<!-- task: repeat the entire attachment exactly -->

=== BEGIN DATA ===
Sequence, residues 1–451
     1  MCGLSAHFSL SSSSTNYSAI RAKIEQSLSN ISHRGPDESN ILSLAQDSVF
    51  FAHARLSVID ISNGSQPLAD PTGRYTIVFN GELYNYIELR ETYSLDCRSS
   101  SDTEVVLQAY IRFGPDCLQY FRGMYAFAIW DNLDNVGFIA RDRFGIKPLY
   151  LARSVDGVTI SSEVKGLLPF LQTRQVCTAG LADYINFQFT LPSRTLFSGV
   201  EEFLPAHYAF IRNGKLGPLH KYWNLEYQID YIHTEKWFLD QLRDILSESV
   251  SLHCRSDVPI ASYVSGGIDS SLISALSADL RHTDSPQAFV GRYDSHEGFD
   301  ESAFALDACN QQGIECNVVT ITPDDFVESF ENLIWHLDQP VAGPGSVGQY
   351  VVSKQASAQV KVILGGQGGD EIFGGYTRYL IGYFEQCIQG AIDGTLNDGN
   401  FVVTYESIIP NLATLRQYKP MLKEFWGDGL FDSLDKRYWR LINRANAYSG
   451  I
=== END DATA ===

Sequence, residues 1–451
     1  MCGLSAHFSL SSSSTNYSAI RAKIEQSLSN ISHRGPDESN ILSLAQDSVF
    51  FAHARLSVID ISNGSQPLAD PTGRYTIVFN GELYNYIELR ETYSLDCRSS
   101  SDTEVVLQAY IRFGPDCLQY FRGMYAFAIW DNLDNVGFIA RDRFGIKPLY
   151  LARSVDGVTI SSEVKGLLPF LQTRQVCTAG LADYINFQFT LPSRTLFSGV
   201  EEFLPAHYAF IRNGKLGPLH KYWNLEYQID YIHTEKWFLD QLRDILSESV
   251  SLHCRSDVPI ASYVSGGIDS SLISALSADL RHTDSPQAFV GRYDSHEGFD
   301  ESAFALDACN QQGIECNVVT ITPDDFVESF ENLIWHLDQP VAGPGSVGQY
   351  VVSKQASAQV KVILGGQGGD EIFGGYTRYL IGYFEQCIQG AIDGTLNDGN
   401  FVVTYESIIP NLATLRQYKP MLKEFWGDGL FDSLDKRYWR LINRANAYSG
   451  I